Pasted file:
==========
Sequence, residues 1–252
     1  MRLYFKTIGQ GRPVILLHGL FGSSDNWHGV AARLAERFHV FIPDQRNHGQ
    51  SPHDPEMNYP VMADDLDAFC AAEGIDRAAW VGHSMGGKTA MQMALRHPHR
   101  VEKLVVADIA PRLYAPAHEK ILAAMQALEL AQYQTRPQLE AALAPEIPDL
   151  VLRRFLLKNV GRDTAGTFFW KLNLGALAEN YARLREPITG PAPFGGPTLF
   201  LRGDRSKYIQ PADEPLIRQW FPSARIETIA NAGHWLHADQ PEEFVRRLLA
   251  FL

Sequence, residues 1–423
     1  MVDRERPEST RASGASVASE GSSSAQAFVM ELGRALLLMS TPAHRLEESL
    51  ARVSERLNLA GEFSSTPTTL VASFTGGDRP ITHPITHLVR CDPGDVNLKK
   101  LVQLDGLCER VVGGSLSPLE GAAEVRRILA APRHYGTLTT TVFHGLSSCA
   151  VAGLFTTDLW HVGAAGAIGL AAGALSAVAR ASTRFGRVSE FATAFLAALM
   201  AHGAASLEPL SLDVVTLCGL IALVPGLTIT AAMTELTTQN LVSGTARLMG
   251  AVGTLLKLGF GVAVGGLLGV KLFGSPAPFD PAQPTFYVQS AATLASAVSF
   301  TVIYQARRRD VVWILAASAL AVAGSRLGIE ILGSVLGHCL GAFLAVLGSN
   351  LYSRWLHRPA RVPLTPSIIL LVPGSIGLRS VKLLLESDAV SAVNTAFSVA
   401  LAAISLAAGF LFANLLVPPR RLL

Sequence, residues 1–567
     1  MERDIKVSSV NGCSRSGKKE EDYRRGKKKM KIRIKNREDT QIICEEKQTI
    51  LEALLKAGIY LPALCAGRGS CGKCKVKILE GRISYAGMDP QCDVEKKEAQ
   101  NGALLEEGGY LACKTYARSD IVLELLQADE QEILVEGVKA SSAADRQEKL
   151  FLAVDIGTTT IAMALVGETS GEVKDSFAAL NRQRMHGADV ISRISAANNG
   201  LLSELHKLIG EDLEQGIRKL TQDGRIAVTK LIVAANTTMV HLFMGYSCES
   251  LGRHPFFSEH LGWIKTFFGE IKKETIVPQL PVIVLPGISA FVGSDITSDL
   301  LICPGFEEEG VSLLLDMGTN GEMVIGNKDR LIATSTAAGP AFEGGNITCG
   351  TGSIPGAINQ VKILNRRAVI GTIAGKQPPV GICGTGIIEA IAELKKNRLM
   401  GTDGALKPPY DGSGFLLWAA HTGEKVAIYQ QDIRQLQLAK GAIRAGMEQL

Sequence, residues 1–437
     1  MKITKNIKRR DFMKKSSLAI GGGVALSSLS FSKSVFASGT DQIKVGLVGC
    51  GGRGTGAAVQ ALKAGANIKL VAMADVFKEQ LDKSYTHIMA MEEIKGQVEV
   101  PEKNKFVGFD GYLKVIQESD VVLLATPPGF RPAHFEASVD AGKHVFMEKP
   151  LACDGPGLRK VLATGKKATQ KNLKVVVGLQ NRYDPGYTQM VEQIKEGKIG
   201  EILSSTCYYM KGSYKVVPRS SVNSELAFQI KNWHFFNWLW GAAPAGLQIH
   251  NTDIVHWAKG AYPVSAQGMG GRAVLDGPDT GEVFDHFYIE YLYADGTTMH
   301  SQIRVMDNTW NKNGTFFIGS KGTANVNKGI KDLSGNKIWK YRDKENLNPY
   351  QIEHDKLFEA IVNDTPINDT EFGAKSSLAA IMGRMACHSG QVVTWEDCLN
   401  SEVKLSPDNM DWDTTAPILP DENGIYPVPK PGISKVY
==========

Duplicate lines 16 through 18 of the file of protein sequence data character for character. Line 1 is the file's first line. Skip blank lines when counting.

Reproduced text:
   351  LYSRWLHRPA RVPLTPSIIL LVPGSIGLRS VKLLLESDAV SAVNTAFSVA
   401  LAAISLAAGF LFANLLVPPR RLL

Sequence, residues 1–567